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Today's Geriatric Medicine
E-Newsletter    November 2023
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Editor's E-Note

Adding to the havoc that tick bites can create is alpha-gal syndrome—an underrecognized meat allergy associated with tick bites that can have severe consequences. According to the CDC, many providers are not familiar with the condition.

In addition to reading our e-newsletter, be sure to visit Today’s Geriatric Medicine’s website at www.TodaysGeriatricMedicine.com, where you’ll find news and information that’s relevant and reliable. We welcome your feedback at TGMeditor@gvpub.com. Follow Today’s Geriatric Medicine on Facebook and X, formerly known as Twitter, too.

— Kate Jackson, editor
In This E-Newsletter

Certification Board for Diabetes Care and Education | CDCES Certified | Earn the most recognized credential in diabetes care and education | Learn more: https://www.cbdce.org/become-certified/
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Tick-Bite Associated Meat Allergy

The CDC reports that between 2010 and 2022, there were more than 110,000 suspected cases of alpha-gal syndrome (AGS) identified. However, because the diagnosis of AGS requires a positive diagnostic test and a clinical exam, and some individuals with AGS may not get tested, it is estimated that as many as 450,000 people might have been affected by AGS in the United States, according to two reports issued recently by the CDC in the Morbidity and Mortality Weekly Report. Studies show that many health care providers in the United States are not familiar with an emerging and potentially life-threatening allergic condition called AGS, also known as the red-meat allergy or the tick bite meat allergy. Of those aware of AGS, knowledge about diagnosis and management is low.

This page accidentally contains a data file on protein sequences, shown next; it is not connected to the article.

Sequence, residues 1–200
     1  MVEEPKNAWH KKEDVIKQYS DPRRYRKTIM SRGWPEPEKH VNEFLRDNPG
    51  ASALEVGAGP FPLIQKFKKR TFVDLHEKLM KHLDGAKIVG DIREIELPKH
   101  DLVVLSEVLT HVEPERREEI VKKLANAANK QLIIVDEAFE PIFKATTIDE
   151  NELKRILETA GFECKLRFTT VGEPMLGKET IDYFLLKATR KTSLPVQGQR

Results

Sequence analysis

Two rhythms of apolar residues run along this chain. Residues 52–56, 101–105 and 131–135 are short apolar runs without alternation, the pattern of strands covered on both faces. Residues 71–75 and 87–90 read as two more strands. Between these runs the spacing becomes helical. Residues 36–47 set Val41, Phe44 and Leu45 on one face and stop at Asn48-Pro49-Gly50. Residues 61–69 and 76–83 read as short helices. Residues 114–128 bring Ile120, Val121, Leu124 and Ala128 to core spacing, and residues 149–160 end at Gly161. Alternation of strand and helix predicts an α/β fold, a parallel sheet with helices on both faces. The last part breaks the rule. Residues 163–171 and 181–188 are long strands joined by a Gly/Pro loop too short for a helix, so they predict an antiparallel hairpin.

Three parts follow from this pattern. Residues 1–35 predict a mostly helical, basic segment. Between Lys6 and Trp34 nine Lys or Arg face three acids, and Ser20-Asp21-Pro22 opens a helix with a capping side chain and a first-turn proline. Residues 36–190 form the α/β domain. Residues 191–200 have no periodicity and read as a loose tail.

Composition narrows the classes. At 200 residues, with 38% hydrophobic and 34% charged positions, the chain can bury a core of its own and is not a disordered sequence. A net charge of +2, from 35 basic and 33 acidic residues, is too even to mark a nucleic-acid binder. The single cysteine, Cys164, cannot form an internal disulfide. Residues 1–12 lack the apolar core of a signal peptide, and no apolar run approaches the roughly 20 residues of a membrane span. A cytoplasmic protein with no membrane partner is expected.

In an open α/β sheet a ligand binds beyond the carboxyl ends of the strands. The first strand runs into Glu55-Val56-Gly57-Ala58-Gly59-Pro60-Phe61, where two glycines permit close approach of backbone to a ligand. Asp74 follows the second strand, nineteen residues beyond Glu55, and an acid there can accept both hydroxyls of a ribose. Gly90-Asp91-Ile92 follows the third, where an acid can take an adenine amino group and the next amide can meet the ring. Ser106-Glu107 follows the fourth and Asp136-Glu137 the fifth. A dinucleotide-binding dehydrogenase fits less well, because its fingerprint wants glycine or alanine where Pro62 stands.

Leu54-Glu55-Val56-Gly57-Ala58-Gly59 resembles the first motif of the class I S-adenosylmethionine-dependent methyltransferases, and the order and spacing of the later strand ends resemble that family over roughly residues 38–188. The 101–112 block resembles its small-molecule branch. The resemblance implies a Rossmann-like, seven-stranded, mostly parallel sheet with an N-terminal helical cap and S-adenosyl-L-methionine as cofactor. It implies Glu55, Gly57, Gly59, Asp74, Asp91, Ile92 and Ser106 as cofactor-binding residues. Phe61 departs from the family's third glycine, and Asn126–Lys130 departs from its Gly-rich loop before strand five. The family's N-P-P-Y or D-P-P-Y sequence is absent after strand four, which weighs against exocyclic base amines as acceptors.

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In one study, 1,500 family/general practitioners, internists, pediatricians, nurse practitioners, and physician assistants across the country were surveyed, and results showed that nearly one-half of respondents had not heard of AGS, approximately one-third reported that they were “not too confident” in their ability to diagnose or manage patients with AGS, and 5% felt “very confident” in their ability. In another study, CDC researchers examined laboratory test results from 2017 to 2022 from a laboratory that, until August 2021, was the primary commercial lab offering testing in the United States. More than 300,000 specimens were submitted by health care providers on behalf of patients with presumed clinical suspicion of AGS, and more than 30% were positive.

Other Geriatric News
Off-Label Drugs Overprescribed for Dementia
When dementia patients exhibit hard-to-manage symptoms such as aggression and psychosis, physicians often prescribe antipsychotic medicals off label. Time reports on the problematic overuse and inappropriate use of such drugs.

Training for Family Caregivers
Family caregivers are rarely prepared to meet the care needs of family members in crisis. But a new proposal from CMS aims to authorize Medicare payments to health care professionals to train informal caregivers who carry out certain tasks, such as medication management, according to a report in KFF Health News.

Rejuvenating Aging Brains
According to Science News, a single molecule may help rejuvenate aging brains and it appears to do so in three different ways. Studies of three separate means of stemming cognitive decline associated with aging show that each involves a protein called platelet factor four. Reports on the three research groups appear in Nature Aging, Nature, and Nature Communications.

What’s Stress Got to Do With Alzheimer’s Disease?
According to research at the Karolinska Institutet, people between 18 and 65 years of age were more likely to be diagnosed with mild cognitive impairment or Alzheimer’s disease if they had a previous diagnosis of chronic stress and depression. Science Daily reports on the study published in Alzheimer’s Research & Therapy.
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